If I understand the rules right, there is no way that more than one ace is pushed to the "soft ace stack" per player at any given time => Only one bool needed to test: "Stack has one item" or "stack is empty"!

        • Alex

          Oh, I see! I mixed up what you meant by soft and hard, and misread your code. I think you’re right. Great insight on your part, and clever solution.

  • CrazyL

    Hello Alex,

    I’d say the two extra questions 6h), 6i) are misnamed, because they assume you already finished 7) -- that’s why they’d better be 7a), 7b), or am I mistaken?

    Anyway, the quiz itself was great -- the task is big enough that you feel the need to structure the code though it’s still managable. Thank you for this tutorial!

    P.S.: After I deleted a message, my next comment got rejected by a "duplicate detected" message. Weird…

    Here is my solution to 7):
    ~ main.cpp ~

    ~ cardGame.h ~ (just forward declarations of most functions in cardGame.cpp)
    ~ cardGame.cpp ~

    ~ cardTypes.h ~ (only a snippet, the other types are essentially copies of Alex’ solution)

  • codenoob


    A small question on the first quiz. 🙂

    Your example has:

    I did:

    And it seems to work. I have been a bit confused for the past few chapters about pointers etc and I will have to reread a few more times I think. But I gotta ask what’s the difference between these lines. You have a * operator there and I don’t.

    Here’s the rest of my program if you need to see it to answer:

    • Alex

      Both * and [] in a function parameter tells the compiler to expect a pointer value, so they are identical. Semantically, some programmers like to use [] when passing an array and * when passing a single value. Others feel you should always use * since the array isn’t treated the same as a fixed array. Which you use is up to you.

  • Eric

    Hi Alex, you made function:

    int getRandomNumber(int min, int max)
        static const double fraction = 1.0 / (static_cast<double>(RAND_MAX) + 1.0);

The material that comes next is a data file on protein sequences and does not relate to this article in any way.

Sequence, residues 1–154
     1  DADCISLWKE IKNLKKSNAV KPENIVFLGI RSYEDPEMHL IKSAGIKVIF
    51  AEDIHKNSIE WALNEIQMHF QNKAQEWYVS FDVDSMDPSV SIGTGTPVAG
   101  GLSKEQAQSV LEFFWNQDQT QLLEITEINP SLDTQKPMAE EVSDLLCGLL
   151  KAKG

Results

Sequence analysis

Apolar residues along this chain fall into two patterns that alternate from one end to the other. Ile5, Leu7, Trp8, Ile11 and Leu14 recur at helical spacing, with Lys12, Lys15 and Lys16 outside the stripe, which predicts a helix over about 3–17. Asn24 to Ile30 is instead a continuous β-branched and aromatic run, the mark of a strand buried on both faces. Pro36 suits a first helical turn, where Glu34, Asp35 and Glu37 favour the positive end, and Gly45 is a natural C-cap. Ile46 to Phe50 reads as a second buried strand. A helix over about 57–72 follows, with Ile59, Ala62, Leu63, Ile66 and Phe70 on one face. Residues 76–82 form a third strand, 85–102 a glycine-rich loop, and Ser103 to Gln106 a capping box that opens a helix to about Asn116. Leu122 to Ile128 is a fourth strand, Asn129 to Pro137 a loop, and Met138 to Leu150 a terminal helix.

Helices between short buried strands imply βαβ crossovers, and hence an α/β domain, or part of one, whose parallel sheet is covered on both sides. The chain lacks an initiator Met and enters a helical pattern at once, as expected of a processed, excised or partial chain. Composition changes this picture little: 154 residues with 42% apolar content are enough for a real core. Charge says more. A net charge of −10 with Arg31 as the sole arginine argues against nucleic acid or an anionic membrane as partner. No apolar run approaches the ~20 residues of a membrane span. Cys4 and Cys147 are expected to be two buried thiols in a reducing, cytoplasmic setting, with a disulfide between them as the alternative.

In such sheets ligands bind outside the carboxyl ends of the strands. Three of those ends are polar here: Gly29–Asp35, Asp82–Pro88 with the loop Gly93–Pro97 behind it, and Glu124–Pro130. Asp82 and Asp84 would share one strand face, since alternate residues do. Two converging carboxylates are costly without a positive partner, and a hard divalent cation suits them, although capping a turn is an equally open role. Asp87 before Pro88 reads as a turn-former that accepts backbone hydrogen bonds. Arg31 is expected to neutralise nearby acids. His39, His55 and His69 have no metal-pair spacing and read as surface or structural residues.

return static_cast<int>(rand() * fraction * (max - min + 1) + min);

    What is diffrence between upper code and lower code?(if we write in getRandomNumber(0,51);)

    int swapIndex = rand() % 52;

    What is fraction(in code)?
    And not related question:what is std::array<type> and where can i found something about it?
    Maybe there is answer in chapter 5 random numbers but i didnt found it or understand it.

    • Alex

      Because RAND_MAX isn’t evenly divisible by 52, lower numbers will appear slightly more often than higher numbers if you do this. This code also doesn’t account for a non-zero min.

      The function provided gives a more even distribution of numbers, where low numbers will appear with the same probability as high numbers. rand() * fraction converts the result of rand() into a floating point number between 0 and 1. The rest of the function maps this unit range to the range of [min, max] evenly.

      std::array is discussed in chapter 6.15.

  • Dan

    Is there any purpose to using an enum in problem 1 besides misdirection?  I wasted a bit of time trying to figure out what to do with the enumerated items before I realized that there is nothing to do with them.

    • Alex

      They document the meaning of the elements in the array. If you extended this program any further, you’d probably want them to be explicitly defined.

  • Aditya Pratap

    Hi Alex,my compiler showed an error " expected a ‘;’ " in line 25 why did that happen?

  • umang

    In solution to ques 7 , getCardValue() function has a card reference parameter . So how is it possible to pass a pointer value to it?

    dealerTotal += getCardValue(*cardPtr++);

    • Alex

      We’re not passing a pointer to it. *cardPtr dereferences cardPtr to get the card, which is passed to the function. Then the postfix ++ advances the pointer to the next card.

  • Dear Alex,

    Not for on the board, but can you tell me:

    What is this? Why is it there?
    Plz e-mail…

    • Alex

      It’s a special include that needs to be the first line of your program if you’re using Visual Studio with precompiled headers turned on (which they are by default).

  • ”Arrays can be made multidimensional by using two indexes.”
    Shouldn’t it be ”using multiple indexes”? 😀

  • AMG

    Another option for extra credit (or part of assignment) maybe to distinguish BlackJack (first two cards: ace and any 10) from 21 (any cards combo). Making split will be interesting … 🙂

  • AMG